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produced by the fat body cells or haemocytes during the infection of the insect body by pathogens, and they mostly contribute to the defensive immune reaction by disrupting microbial membranes [34]. 3.2. Effect of Isaria on the Synthesis of Intrinsic AKHs Stressful conditions increase the levels of AKHs in the haemolymph depending on the intensity and duration of stress in the CNS [11,35]. Treatment of experimental insects by toxins or pathogens represents an ideal model in which the expression of Akh genes and the determination of AKH levels can serve as suitable markers. On the other hand, quite high variability has been recorded while monitoring these markers depending on the type of stressor and insect species [14,21,22,35,36]. Nevertheless, a significant increase in the characteristics of AKHs (gene expression, peptide level) was observed after treatment with insecticides or natural toxins in Schistocerca gregaria [35], Leptinotarsa decemlineata [36] and P. apterus [14,21,22]. Similar effects were also observed for entomopathogens: treatment of P. apterus by the nematode S. carpocapsae elicited a significant increase in Akh gene expression as well as an increase in AKH levels in both the haemolymph and CNS [19]. Infestation of D. melanogaster larvae by the same nematode exhibited a similar, albeit not so intense, effect [20]. Treatment with Isaria also significantly increased both the Akh gene expression and AKH levels in the CNS of P. americana [18,37]. In this study, we observed significant stimulation of Akh gene expression in all the studied insect species after treatment with Isaria. These results were clearly manifested by the AKH level in P. apterus using anti-Pyrap-AKH antibody and corresponding enzyme-linked immunosorbent assay technique (ELISA). However, obtaining similar quantitative results for S. littoralis and A. pisum is rather problematic because no antibodies against AKHs from these species are available. Thus, using the semi-quantitative chromatographic approach, there seems to be a strong increase in both Helze-HrTH and Manse-AKH in the CNS of S.‘littoralis after treatment with Isaria. However, because of the laboriousness of these analyses (more than 50 CNS samples/run), we could not repeat the experiment to obtain more data for statistical analysis. It still seems that the elevation of Helze-HrTH is more intensive than that of Manse-AKH (about four-fold), which suggests there may be certain specialisation of AKHs. Notably, the phenomenon of possible AKH specialisation in insect species possessing more than one AKH is a problem that has been poorly understood for a long time. Several attempts have been made to solve this problem in the past [33,38,39]. However, despite some promising indications, no satisfactory explanation has yet been provided, nor does this study solve this problem. As mentioned in Section 4, we tried to estimate the level of Acypi-AKH in A. pisum using the same methodology that we used for S. littoralis. However, despite our intensive efforts, we were not quite sure about the identification of the Acypi-AKH peak using its synthetic analogue; therefore, we did not include the results in this study. 4. Materials and Methods 4.1. Insects and Their Rearing Three insect species—the firebug, Pyrrhocoris apterus (Heteroptera), Egyptian cotton leafworm, Spodoptera littoralis (Lepidoptera), and pea aphid, Acyrthosiphon pisum (Homoptera)—were used in this study. A stock culture of P. apterus was reared on linden seeds and water ad libitum under long-day conditions (18 h light:6 h dark) at constant temperature of 26 ± 1 ◦ C. Only 7–10 day-old adult males were used for the experiments (for reasons and other details see our previous papers [22,25]). The larvae of S. littoralis were reared on soybean flour-based semi-artificial Premix diet (Stonefly Industries, Inc., Bryan, TX, USA) and the adults were fed on honey solution under a long day photoperiod (16 h light:8 h dark) at 25 ± 1 ◦ C. One or two day-old last (6th) instar larvae were used for the experiments. They were selected from the colony according to the size and feeding activity.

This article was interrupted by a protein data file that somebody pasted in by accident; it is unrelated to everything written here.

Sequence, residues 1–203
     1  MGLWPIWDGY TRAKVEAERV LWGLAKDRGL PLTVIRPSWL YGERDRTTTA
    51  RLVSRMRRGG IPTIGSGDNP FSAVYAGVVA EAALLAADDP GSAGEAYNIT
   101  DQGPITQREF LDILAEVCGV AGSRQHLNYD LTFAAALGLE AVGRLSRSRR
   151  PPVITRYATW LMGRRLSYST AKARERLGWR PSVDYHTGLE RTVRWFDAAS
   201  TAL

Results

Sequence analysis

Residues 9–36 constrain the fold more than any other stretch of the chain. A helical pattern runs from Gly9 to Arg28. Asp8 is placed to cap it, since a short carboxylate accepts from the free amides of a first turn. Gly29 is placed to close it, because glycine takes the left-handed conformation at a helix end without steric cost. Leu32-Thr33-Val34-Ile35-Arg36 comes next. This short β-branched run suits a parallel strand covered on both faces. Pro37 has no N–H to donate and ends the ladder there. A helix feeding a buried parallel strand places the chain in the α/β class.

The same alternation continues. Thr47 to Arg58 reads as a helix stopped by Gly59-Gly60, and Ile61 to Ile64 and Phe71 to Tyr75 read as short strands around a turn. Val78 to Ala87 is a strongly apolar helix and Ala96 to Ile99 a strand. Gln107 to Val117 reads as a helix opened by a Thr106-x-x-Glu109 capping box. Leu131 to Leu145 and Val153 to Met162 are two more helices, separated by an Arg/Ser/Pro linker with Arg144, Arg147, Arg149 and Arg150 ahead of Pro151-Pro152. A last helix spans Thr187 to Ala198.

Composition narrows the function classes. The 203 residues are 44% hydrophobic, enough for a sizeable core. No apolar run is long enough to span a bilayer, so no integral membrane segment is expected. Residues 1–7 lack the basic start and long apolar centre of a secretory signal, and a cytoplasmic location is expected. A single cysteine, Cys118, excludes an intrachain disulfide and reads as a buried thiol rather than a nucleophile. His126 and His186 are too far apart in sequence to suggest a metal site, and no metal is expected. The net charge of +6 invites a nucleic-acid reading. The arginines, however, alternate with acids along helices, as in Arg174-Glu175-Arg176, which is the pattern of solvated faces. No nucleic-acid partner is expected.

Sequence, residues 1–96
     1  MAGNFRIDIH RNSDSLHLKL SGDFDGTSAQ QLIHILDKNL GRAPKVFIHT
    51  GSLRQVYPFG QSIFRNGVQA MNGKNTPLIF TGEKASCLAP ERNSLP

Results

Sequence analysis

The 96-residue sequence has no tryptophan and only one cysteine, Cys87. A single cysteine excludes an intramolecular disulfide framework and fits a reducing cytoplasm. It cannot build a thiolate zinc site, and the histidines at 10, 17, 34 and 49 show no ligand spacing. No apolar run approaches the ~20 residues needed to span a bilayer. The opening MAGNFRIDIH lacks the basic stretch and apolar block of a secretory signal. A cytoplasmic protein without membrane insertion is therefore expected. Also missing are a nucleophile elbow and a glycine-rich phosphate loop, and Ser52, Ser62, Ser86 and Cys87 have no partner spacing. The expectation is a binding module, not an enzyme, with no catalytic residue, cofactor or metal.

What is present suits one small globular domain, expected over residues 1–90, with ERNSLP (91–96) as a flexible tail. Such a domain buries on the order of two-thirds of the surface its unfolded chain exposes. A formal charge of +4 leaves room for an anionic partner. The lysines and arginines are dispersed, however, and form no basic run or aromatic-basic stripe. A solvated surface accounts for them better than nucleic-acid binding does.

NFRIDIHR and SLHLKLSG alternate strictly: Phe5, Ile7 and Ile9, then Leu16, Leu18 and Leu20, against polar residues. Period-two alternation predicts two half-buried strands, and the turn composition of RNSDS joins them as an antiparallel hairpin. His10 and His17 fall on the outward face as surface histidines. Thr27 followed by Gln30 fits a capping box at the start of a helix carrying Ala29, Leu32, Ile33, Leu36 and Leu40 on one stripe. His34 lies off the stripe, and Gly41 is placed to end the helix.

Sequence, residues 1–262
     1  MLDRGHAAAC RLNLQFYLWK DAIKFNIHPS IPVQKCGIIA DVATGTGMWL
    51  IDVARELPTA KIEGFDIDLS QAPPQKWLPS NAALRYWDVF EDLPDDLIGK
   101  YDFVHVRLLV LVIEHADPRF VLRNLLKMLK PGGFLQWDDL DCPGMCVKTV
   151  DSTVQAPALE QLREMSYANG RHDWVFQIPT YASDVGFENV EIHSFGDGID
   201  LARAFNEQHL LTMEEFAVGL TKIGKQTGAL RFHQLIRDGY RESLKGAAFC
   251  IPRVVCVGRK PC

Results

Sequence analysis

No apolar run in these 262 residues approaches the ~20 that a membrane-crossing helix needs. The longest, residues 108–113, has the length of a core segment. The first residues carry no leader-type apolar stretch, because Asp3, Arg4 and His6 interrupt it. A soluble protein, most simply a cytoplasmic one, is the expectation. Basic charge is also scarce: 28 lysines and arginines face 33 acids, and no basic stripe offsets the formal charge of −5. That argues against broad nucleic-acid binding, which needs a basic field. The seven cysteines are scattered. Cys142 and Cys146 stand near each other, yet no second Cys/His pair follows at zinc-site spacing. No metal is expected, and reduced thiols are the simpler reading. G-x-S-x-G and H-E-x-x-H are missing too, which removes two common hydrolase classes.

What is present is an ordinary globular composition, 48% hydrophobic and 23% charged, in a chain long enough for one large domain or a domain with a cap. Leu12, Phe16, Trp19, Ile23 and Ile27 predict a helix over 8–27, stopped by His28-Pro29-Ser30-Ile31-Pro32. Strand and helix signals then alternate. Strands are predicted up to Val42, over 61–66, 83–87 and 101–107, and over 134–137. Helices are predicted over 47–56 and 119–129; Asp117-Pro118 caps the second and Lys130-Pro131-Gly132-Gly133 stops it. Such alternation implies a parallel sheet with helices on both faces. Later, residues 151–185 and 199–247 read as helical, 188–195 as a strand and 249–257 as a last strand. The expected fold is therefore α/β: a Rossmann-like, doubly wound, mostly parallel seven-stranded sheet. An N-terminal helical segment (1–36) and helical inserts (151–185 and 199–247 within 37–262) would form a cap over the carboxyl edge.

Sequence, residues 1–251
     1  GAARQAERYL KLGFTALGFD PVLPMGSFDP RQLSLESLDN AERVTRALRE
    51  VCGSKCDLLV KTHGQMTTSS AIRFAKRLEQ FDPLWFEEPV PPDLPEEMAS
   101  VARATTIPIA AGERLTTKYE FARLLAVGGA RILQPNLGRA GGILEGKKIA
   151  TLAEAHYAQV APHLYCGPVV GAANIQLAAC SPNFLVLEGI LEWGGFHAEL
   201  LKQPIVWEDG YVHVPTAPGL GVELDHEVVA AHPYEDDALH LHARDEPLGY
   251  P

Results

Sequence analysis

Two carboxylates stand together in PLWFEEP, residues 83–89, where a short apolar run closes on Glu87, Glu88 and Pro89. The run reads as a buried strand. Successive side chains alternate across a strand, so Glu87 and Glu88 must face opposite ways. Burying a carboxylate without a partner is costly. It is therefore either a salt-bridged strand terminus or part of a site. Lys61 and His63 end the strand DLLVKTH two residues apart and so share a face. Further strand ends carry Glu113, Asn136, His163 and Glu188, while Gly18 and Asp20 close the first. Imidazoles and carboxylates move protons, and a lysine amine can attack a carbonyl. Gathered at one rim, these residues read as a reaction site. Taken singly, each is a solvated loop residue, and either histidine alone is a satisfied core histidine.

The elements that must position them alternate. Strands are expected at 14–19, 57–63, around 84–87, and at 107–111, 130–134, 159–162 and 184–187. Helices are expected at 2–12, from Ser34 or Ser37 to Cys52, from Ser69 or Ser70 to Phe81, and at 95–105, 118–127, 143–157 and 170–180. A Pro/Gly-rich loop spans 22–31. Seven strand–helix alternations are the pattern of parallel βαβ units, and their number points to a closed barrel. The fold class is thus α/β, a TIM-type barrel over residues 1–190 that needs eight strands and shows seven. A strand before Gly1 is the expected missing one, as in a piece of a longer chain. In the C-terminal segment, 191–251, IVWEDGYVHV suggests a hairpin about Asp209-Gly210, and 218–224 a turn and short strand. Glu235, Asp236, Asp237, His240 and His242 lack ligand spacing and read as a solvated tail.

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Aphids A. pisum were reared in captive breeding on Vicia faba seedlings under a long day photoperiod (16 h light:8 h dark) at 23 ± 1 ◦ C. The last instar of parthenogenetic female nymphs were used for experiments. 4.2. Entomopathogenic Fungus Isaria fumosorosea The fungus I. fumosorosea (strain CCM 8367) was used in this study; for its origin see [40–42]. We used I. fumosorosea blastospores only in this study; for reasons see [18]. 4.3. Insect Treatment and Dissection The I. fumosorosea blastospores were applied either by injection (P. apterus, S. littoralis) or topically by spraying (A. pisum). In these experiments, doses of 30,000 and 80,000 per individual in 2 µL of Ringer saline were injected into abdominal haemocoel in P. apterus and S. littoralis individuals, respectively. These doses were determined by initial experiments (data not shown). Corresponding controls were injected with Ringer saline only. In the topical application, the A. pisum individuals were sprayed by a suspension containing 108 blastospores per mL Ringer saline (determined by initial experiments; data not shown). The experiments were terminated usually 1 or 2 days later (unless otherwise stated; for mortality data see below). In some experiments the effect of Pyrap-AKH, Manse-AKH and Acypi-AKH was monitored. These peptides were either prepared in the Polypeptide Laboratories, Prague, Czech Republic (Pyrap-AKH, Acypi-AKH) or purchased from Bachem, Switzerland (Manse-AKH). The hormones were applied according to the same scheme mentioned for the blastospores in the previous paragraph in the following doses/concentrations: 10 pmol Pyrap-AKH, 5 pmol Manse-AKH and 3 pmol/µL Acypi-AKH, respectively. To monitor the effect of Isaria and corresponding AKH on the experimental insects, the usual scheme for the experiments was (a) control, (b) application of Isaria blastospores, (c) AKH and (d) Isaria + AKH together. To determine mortality, 5–10 groups (each containing 20–30 insects) for each experimental group were monitored 1, 2, 3 or 4 days post treatment. For dissection of the CNS (brain + corpora cardiaca + corpora allata attached) from P. apterus and S. littoralis, the insects were first anaesthetised on ice. The dissected CNS were processed immediately. In case of A. pisum, whole bodies were used instead. 4.4. Expression of Akh Genes 4.4.1. Isolation of RNA and cDNA Synthesis Total RNAs were extracted from P. apterus and S. littoralis (CNS), and A. pisum (whole body) using RiboZol™ RNA Extraction Reagents (AMRESCO, LLC., Solon, OH, USA) following the manufacturer’s protocol. Further, the obtained RNAs were treated with TURBO DNAfree™ DNase (AMBION® by Life Technologies™, Carlsbad, CA, USA) to purify and avoid contaminant DNA. Reverse transcription was performed using 1 µg of template RNA and random hexamers with the Superscript First-Strand Synthesis System for q-RT-PCR (Invitrogen, Carlsbad, ON, Canada). The following cDNA was amplified through a consequent q-RT-PCR reaction using 1 µL of the RT reaction template and the products were tested on agarose gel electrophoresis. 4.4.2. Quantification of Akh Gene Expressions Quantification of Pyrap-Akh, Manse-Akh and Acypi-Akh genes were performed by q-RT-PCR. No reaction template (NRT) as a control reaction was performed to detect the genomic DNA contamination. Each q-RT-PCR reaction consists of 7 µL SYBR® Premix Ex Taq™II (TaKaRa, Shiga, Japan), 3 µL of 10× diluted cDNA template, 500 nM forward and reverse primers and water in a total volume of 14 µL. For gene specific primers used to amplify Pyrap-Akh, Manse-Akh, and Acypi-Akh, and reference genes see Table S7. The q-RT-PCR reaction was performed on the Light Cycler (Bio-Rad,